There are a number of types of breech blocks used in automatic weapons. The most common, of course, is the bolt, although we frequently extend that term to include bolts that do not rotate. There is also the sliding breech block.
In classifying automatic weapons, the distinction is frequently made between long recoil and short recoil operation
I have seen several weapons with sliding breech blocks described as using long recoil. However, it appears that the long/short recoil distinction is meaningless unless the breech block moves fore and aft (e.g. a bolt). I cannot conceive of any sliding breech block configuration where the breech block would not move entirely with the barrel.
Is there a distinction between long and short recoil when the breech block is not a bolt or bolt variant? Is there a long/short recoil distinction with a sliding bolt?
I am not an engineer so if I say something inaccurate I am happy to be corrected.
If I understand correctly, long recoil is when the piston that tappets off gas from the bore moves the entire length of cycle along with the bolt carrier.
Short recoil is when the piston moves just far enough to impart sufficient kinetic energy to the bolt carrier to throw it the rest of the length of travel necessary to cycle the action.
To my understanding, long vs. short has to do with the distance which the piston travels. If this is inaccurate or overly simplistic I will defer to the real experts.
Wait till you read about these cannons that use a blowback type of recoil....I used to work on these in the service....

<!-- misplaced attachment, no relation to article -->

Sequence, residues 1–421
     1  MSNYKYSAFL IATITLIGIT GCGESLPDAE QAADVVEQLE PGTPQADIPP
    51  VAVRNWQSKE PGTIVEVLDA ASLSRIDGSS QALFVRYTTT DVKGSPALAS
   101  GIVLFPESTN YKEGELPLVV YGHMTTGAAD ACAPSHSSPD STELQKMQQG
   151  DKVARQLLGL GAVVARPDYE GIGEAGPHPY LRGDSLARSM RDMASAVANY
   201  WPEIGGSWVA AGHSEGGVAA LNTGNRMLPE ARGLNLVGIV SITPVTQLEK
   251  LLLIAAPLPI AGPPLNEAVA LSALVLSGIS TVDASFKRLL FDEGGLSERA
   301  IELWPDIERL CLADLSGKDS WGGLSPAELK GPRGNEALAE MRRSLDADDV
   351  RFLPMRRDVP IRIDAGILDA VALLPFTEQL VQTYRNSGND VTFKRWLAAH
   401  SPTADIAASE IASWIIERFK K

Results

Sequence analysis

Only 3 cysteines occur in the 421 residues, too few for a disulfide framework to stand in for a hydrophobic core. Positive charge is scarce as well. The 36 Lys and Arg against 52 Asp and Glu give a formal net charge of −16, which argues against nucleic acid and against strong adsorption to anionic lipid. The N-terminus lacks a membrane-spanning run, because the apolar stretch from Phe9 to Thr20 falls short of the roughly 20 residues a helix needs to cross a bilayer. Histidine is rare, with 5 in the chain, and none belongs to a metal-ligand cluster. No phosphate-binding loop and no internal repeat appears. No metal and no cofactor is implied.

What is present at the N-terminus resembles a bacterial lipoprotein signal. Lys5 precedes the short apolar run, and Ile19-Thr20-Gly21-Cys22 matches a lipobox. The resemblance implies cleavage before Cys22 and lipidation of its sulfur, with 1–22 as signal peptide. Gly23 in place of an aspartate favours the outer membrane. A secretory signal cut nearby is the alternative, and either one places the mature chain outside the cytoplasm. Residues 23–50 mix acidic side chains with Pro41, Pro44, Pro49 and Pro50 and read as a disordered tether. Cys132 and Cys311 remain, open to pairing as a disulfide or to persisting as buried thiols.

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I didn’t try to answer because I’m still not quite sure what the question is.
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You might define the elements a bit closer because until now it leaves the impression that you want to compare the principle of Webley Fosbery revolver with a HK G11. I doubt this is what you are looking for. Your feedback will therefore be appreciated.
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The rearward movement of the barrel cycles a recoil operated weapon. Most automatic pistols over 0.38 use this method. It is also common on heavy machine guns, such as the M2 and 40mm Bofors. It is not common on rifles but is sometimes used, such as in the M-82. It is common for semiautomatic shotguns.
In a blowback operation, the barrel remains fixed. The mass of the breech and any spring resists the opening of the barrel until safe. This is the most common method used in automatic pistols under .38. The PPK uses this system. This method is rarely used in rifles. An oddball is the 20mm Oerlikon. This method is also used, combined with some delaying mechanism on larger calibers, such as in the MP-5.
In gas operation, some of the expanding propellant is tapped off the barrel and used to cycle. This is the most common system used in rifles and light machine guns. It is rarely used in pistols.
There are sometimes combinations, such as the MG42 that uses gas and recoil.
Recoil operated weapons are often divided into long recoil and short recoil. In long recoil, the breech block remains closed until the barrel reaches the end of its travel. E.g. Bofors, and most semiautomatic shotguns. In short recoil, the breech block opens before the end of travel. E.g., M-2 BMG.
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